Learn more about all of the artworks of Archeo.

    Author: 
    Erika Harvey
    EnlargeIn this photo from 2011, two visitors are perfectly outlined by the High Line’s illuminated frame at West 26th Street. Photo by Timothy Schenck

    Extended spring hours mean more time to experience after-dark hours on the High Line. With the park now open until 10:00 PM – and temperatures in a much more friendly range – visitors can enjoy the light show that makes the “city that never sleeps” so enchanting.

    The High Line’s position on Manhattan’s far west side makes it the perfect place to watch the evening’s slow transition from day to night. Bright skies warm to darker orange and red hues as the sun dips below New Jersey’s skyline across the Hudson River. The best seats in the house can be found on the Diller – von Furstenberg Sundeck, on the High Line between West 14th and West 15th Streets, and at West 18th Street. Cross streets, like this gorgeous view of West 26th Street captured by photographer Timothy Schenck, also offer a unique opportunity to see the park silhouetted against the colorful evening sky.

    Author: 
    Erika Harvey
    Photo by Steven SeveringhausWisps of Mexican feather grass gently wave in the spring breeze. GIF by Steven Severinghaus
     

    If you’ve visited the High Line recently, you’ve probably noticed that the once-tall dried grasses that characterize the park’s winter landscape have been trimmed back to the ground. This annual “haircut” for the park is called Spring Cutback and the tremendous task takes High Line Gardeners and volunteers four weeks to complete.

    Not all of the High Line’s plants are trimmed back during Spring Cutback. The park’s woody perennials, shrubs, and trees may be pruned at other times of year, but they are not trimmed back aggressively as the park’s grasses are. One species of grass that does not get cut back at all is Mexican feather grass, Nassella tenuissima. This slow-growing perennial is left intact making it the only dried grass you’ll see on the High Line right now.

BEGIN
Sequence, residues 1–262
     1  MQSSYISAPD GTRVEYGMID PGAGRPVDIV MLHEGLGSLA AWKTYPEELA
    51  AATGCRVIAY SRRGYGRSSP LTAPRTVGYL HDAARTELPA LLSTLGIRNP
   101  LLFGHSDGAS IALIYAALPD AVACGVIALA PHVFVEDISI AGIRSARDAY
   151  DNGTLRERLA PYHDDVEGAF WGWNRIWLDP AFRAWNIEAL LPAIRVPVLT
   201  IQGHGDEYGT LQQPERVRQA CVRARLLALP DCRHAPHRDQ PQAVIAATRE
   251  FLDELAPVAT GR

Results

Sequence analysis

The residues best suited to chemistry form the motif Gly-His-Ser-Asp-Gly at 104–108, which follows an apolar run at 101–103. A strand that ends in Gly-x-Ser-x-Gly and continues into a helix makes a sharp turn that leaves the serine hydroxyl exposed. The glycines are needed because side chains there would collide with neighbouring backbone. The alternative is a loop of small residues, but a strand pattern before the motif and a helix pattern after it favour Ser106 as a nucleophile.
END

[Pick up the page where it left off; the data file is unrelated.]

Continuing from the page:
This entrancing GIF by High Line Photographer Steven Severinghaus captures the beauty of Mexican feather grass at this time of year. The dense bunches of dried thread-like blades look almost like hair as they wave in even the slightest breeze. In the background, it’s possible to see the trimmed-back stumps of other varieties of grass. Soon Mexican feather grass – and its wild grass brethren at the High Line – will transition to shades of vivid spring green.

    Learn about more plants of interest by viewing our monthly bloom lists.

    Author: 
    Erika Harvey
    Photo by Mike TschappatThis GIF shows the Northern Spur Preserve, on the High Line at West 16th Street, at three different times during the late winter and early spring seasons. Photos by Melissa Mansur
     

    It’s difficult to believe that Spring Cutback is nearly finished! Later this week High Line Gardeners and volunteers will wrap this nearly four-week endeavor.

    The first spring bulbs and green shoots are tentatively breaking the soil and soaking up every available drop of sunshine. As the cold weather starts to subside – and we promise it will – the High Line’s landscape will transform into full-blown spring glory.

    This GIF, comprised of photos by High Line Photographer Melissa Mansur, allows us to look into the increasingly green future of the Northern Spur Preserve. This small offshoot, or “spur,” on the High Line once connected the active freight railway with the Merchants Refrigerating Company, a massive cold storage facility. Now, like the rest of the High Line, the Northern Spur Preserve is home to a wide variety of plants. The varieties chosen for this section of the park are especially meant to evoke the wild landscape that took over the High Line after the trains stopped running. You’ll find a variety of asters, sedges, catmint, and phlox.

    Author: 
    Erika Harvey
    Photo by Steven Severinghaus A male cardinal perches atop one of the High Line’s birch trees. Photo by Steven Severinghaus

    This week High Line Gardeners and volunteers continued to work to trim back dried grasses along the High Line and visitors rejoiced at every new colorful crocus that popped up. And it turns out that it’s not just our planting beds that are getting a dose of color! We loved this bright cheery male cardinal, Cardinalis cardinalis, that High Line Photographer Steven Severinghaus spotted earlier this week. The spring season marks the beginning of their breeding season, so soon you may see them defending their territories and building nests in wooded areas or other areas of dense foliage.

    Steven has an amazing talent for documenting the beautiful and subtle details of the park’s ecology that so many of us miss. See his Flickr photostream for even more examples of flora and fauna from around New York City.